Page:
Empress Rensheng

Empress Rensheng of the Wang clan, also known simply as Empress Wang, was the wife of the eighth emperor of the Jurchen-led Jin dynasty, Emperor Xuanzong. She was captured and taken north by Mongol forces during the siege of Bianjing.

Empress Rensheng
Empress of the Jin Dynasty
Reign1214 – 1224
PredecessorPrincess Consort Shao of Wei
Empress Dowager of the Jin Dynasty
Reign1224 – 1233
BornZhongdu, Jin dynasty
HusbandEmperor Xuanzong of Jin
Posthumous name
ClanWang (by birth)
Wendun (conferred)
Wanyan (by marriage)
DynastyJurchen Jin
FatherWang Yanchang
MotherLady Ma
Empress Rensheng
Traditional Chinese仁聖皇后
Simplified Chinese仁圣皇后


Lady Wang was born in Zhongdu to the commoner Wang Yanchang and a lady of the Ma clan. The History of Jin records that, before the birth of Lady Wang and her elder sister, her father dreamt of two jade combs that turned into the moon. After he died, lingzhi grew all over his coffin.[1]

In 1196, Wudubu of the imperial clan was bestowed the title of Prince of Yi (翼王), and Emperor Zhangzong, his half-brother, instructed all princes to choose women from commoner families for their harems. Wudubu thus selected Lady Wang and a Lady Pang for his harem, and, on seeing that Lady Wang's elder sister was very beautiful, he selected her as well.[1]

Xuanzong's reignEdit

When Wudubu ascended the throne as Emperor Xuanzong in 1213, Lady Wang was given the title of Consort Yuan and her sister Consort Shu. In 1214, Xuanzong bestowed on her the surname Wendun (温敦氏), instated her as empress, and promoted her sister to Consort Yuan. He also conferred titles on their great-grandparents, grandparents, and parents in the male line. On the day that the Wang sisters received their titles, a strong wind caused a haze, and yellow air filled the sky. At this time, Empress Rensheng had a dream where she was followed by thousands of beggars. Diviners told her, 'the empress is the mother of all under heaven. The common people are poor, to whom can they complain of this?'[2] The empress thus ordered porridge and medicine to be distributed in the capital.[1]

The History of Jin reports two stories about a Consort Zheng, who was reportedly the mother of Xuanzong's eldest son and his original empress. One story describes how shortly after Xuanzong's ascension, he decreed that Lady Wang had served admirably and should become empress instead of Consort Zheng. Another story is that Consort Zheng lost the Emperor's favour from the moment the Wang sisters entered the palace, and she left to become a Buddhist nun, allowing Lady Wang to be established as empress. These events were plotted by Lady Wang's elder sister.[1]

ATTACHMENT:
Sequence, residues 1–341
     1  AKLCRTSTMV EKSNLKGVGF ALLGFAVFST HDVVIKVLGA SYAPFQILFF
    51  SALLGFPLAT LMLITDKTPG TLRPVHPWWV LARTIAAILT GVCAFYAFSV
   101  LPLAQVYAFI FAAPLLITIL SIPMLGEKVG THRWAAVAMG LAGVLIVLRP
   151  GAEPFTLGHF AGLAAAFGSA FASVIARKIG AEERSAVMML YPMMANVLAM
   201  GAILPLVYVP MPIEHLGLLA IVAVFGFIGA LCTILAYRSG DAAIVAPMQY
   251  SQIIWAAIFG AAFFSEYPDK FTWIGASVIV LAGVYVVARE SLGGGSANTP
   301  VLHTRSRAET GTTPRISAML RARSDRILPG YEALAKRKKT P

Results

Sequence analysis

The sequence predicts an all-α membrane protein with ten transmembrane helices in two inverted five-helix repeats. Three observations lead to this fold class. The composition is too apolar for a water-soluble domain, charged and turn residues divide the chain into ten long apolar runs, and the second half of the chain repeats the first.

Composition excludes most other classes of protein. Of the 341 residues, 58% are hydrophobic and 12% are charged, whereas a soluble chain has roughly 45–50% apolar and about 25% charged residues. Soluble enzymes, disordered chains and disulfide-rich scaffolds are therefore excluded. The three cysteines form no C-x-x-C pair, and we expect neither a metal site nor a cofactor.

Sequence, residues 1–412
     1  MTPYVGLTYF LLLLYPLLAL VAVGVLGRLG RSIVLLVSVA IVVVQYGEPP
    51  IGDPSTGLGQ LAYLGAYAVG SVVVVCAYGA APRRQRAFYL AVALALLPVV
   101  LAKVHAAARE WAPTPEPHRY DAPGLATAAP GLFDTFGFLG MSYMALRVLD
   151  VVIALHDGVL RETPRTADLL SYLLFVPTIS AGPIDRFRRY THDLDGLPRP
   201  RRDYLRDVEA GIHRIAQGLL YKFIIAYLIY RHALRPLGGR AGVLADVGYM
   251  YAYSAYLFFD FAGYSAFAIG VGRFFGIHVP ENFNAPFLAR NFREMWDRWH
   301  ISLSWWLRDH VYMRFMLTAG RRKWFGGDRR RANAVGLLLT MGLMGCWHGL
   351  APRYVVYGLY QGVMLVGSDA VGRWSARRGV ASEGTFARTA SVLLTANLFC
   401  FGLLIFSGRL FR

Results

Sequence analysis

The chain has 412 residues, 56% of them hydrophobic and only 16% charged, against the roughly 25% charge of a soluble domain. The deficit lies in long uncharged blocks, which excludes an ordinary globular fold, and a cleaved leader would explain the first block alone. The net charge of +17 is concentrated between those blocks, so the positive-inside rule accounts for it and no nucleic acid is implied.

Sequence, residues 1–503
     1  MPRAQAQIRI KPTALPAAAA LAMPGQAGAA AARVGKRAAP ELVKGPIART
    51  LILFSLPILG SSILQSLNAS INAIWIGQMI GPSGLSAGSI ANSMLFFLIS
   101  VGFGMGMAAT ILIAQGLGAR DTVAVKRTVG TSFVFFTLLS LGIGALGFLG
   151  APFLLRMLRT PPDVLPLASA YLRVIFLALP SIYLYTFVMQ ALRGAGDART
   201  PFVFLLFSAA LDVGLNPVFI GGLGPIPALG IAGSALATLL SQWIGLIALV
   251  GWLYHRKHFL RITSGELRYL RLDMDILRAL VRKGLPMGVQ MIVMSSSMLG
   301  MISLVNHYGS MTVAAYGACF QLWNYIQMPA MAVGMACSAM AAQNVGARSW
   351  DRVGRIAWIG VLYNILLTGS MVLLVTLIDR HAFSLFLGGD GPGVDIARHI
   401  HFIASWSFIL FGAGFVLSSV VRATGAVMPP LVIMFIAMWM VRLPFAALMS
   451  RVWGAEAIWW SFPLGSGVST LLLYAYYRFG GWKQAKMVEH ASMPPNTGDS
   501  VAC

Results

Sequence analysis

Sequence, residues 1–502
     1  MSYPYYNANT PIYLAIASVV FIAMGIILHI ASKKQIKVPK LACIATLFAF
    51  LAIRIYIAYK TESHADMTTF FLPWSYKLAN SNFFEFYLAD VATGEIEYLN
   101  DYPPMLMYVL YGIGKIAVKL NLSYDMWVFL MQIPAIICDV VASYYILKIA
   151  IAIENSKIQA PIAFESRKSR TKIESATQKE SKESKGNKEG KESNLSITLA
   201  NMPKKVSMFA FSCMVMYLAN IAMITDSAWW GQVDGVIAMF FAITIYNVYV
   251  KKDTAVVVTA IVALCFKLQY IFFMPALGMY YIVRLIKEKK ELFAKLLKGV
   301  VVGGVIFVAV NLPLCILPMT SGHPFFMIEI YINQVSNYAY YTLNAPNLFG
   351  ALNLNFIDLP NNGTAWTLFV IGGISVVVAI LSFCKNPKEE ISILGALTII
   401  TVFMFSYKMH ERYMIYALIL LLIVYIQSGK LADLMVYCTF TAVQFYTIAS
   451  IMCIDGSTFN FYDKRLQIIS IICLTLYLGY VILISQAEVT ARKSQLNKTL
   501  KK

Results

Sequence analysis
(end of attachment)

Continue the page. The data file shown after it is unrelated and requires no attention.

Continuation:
Lady Wang had no children, so she raised her sister's son, Ningjiasu, as her own child.[1]

Aizong's reignEdit

In 1224, Xuanzong died and was succeeded by Ningjiasu as Emperor Aizong, who gave her the title of Empress Dowager (皇太后) and named her residence[3] rensheng (仁聖). Her sister was also elevated to Empress Dowager with the residence name cisheng (慈聖). Empress Dowager Cisheng died in 1231.[1]

Fall of JinEdit

As the Jin lost ground to the Mongols, there was a famine in Henan in 1232. Subutai's forces surrounded Bianjing, and plague broke out. The empress dowager personally witnessed people starving and dying of plague, with the number of dead reaching more than a million. In late 1232, Aizong planned to escape the capital for Guide (歸德, modern Shangqiu). Empress Dowager Rensheng gathered gold ingots and precious objects, which she gave to the loyal soldiers of the emperor's escort. The same night, the emperor, empress, and Consort Rou of the Peiman clan left the palace on horseback. When they reached Chenliu, it was already in flames, and as it was suspected that Mongol soldiers were nearby, the party did not dare enter the city. When Bianjing fell in the middle of 1233, Empress Dowager Rensheng and all imperial concubines were imprisoned and taken north. It is not known what became of her after this.[1]


  • Father: Wang Yanchang (王彦昌)
  • Mother: Lady Bianguo of the Ma clan (汴国夫人马氏)
  • Elder sister: Empress Dowager Cisheng (d. 1231), posthumous name Empress Minghui


  1. ^ a b c d e f g "列傳第二 后妃下 (Biographies 2, Imperial wives and concubines [lower volume])". 金史 [History of Jin] (in Chinese). 64.
  2. ^ 后者,天下之母也。百姓貧窶,將誰訴焉?
  3. ^ 號其宮曰仁聖.